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Balor Posted - 02/05/2020 : 10:54:04
Did anyone try that on a leaner?

For instance, stick steering, left - roll (connected to side wheels), right - yaw (steering).

Besides 'multitrack' mode on demand (no need to keep balance when you hold on to your roll axis control tight, hence unlimited static and straight ahead dynamic stability) and ability to resist truck suck and wind gusts w/o steering input (that can be very important in case of tight quarters and traffic), there is a possibility of 'tilt plus' mode when you hit max lean and continue increasing your turn radius while resisting side force by riding the outside wheel.

You can reach crazy G's this way, essentially giving you a much wider track and much lower CG.

Am I missing something?
8   L A T E S T    R E P L I E S    (Newest First)
Balor Posted - 02/13/2020 : 15:46:35
quote:
Originally posted by modular1

Hi Balor

This thread bamboozled me a bit, slightly tricky diagrams. But I have done a bit of work on V-ilean having made a few examples. Engineering a V-ilean is not that hard, standard square taper unicycle cranks work for 90 degrees and isis cranks (https://www.unicycle.com/unicycle-hardware/crank-arms-parts/isis-cranks) offer a larger range of V angles.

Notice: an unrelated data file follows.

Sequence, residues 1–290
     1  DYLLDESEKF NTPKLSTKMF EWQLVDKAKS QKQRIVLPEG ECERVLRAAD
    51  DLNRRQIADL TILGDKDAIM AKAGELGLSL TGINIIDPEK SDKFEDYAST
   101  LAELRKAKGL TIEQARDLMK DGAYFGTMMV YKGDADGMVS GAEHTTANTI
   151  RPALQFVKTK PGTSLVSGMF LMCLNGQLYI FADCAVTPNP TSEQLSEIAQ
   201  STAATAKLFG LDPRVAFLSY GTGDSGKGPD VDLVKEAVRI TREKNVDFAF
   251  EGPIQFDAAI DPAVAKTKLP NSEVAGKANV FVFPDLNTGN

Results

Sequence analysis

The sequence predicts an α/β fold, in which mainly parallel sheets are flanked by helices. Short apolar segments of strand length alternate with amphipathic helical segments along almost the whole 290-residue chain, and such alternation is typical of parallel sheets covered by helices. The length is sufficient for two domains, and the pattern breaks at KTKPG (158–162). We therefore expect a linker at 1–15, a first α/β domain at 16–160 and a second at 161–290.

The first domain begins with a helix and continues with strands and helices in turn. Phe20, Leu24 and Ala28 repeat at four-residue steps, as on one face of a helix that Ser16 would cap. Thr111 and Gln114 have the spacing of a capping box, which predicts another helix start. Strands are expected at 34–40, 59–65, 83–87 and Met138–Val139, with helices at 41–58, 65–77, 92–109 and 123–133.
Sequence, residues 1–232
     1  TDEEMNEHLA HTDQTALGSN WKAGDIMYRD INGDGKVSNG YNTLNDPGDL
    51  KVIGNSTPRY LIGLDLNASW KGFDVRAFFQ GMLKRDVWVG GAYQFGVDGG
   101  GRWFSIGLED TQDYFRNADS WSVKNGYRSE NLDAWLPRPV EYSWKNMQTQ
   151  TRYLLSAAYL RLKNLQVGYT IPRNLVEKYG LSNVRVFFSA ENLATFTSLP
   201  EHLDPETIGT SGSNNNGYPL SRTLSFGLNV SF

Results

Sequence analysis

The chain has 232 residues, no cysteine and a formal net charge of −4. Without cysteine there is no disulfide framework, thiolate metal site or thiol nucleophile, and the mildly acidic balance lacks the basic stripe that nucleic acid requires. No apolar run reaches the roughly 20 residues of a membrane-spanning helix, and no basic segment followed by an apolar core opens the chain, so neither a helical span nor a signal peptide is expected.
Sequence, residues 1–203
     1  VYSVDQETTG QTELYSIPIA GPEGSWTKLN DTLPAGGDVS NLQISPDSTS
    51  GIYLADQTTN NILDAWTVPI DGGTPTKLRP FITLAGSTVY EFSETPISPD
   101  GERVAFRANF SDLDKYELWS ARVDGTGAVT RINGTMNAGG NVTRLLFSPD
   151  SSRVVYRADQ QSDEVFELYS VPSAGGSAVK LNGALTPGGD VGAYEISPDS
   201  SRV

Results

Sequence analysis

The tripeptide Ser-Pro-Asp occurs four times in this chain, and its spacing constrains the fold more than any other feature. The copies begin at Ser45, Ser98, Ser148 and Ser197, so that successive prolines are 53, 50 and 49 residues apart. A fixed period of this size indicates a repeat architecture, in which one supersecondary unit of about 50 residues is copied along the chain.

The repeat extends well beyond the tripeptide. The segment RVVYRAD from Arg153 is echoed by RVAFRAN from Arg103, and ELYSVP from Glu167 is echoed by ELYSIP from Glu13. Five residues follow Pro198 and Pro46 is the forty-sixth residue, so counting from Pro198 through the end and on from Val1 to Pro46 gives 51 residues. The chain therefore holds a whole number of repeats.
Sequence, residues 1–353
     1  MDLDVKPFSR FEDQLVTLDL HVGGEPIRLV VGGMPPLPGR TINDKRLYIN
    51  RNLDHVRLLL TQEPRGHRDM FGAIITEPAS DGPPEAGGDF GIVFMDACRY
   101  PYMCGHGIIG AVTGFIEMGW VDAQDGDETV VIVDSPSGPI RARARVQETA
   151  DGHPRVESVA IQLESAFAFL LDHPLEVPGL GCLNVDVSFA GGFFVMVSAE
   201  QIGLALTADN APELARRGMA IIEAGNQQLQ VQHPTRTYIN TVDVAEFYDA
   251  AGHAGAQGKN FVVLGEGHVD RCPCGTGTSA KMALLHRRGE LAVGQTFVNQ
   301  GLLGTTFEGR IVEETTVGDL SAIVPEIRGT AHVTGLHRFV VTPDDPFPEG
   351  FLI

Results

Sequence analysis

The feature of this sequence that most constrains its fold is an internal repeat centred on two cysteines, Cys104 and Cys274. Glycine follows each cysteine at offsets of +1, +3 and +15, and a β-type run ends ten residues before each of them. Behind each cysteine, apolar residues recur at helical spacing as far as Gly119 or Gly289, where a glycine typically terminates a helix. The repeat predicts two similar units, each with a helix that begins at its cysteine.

I found 75mm unicycle cranks suitable for flat ilean, with standard cranks there is a lot of shudder / wheel skidding going round corners. I uploaded a spreadsheet to http://modularbikes.com.au/trike/ , this shows the amount of rise you get from trikes with v ilean. My experiencewas that even fwd trikes with fixed bottom bracket drive which influences steering can be ridden no hands with v ilean. Best Wishes Stephen Nurse, modularbikes.com.au

Stephen Nurse



Nothing tricky about it, just tipover resistance calculation, 45 deg of 'tilt plus' mode (line from tilted CG to outside wheel) means 1G of cornering that should be enough.

Thanks for the link to that spreadsheet! Interesting info.

I wonder if I'll be able to use 'V-lean' for better control on MBB bike like Cruzbike did? I'll just need to remove my rear wheel :)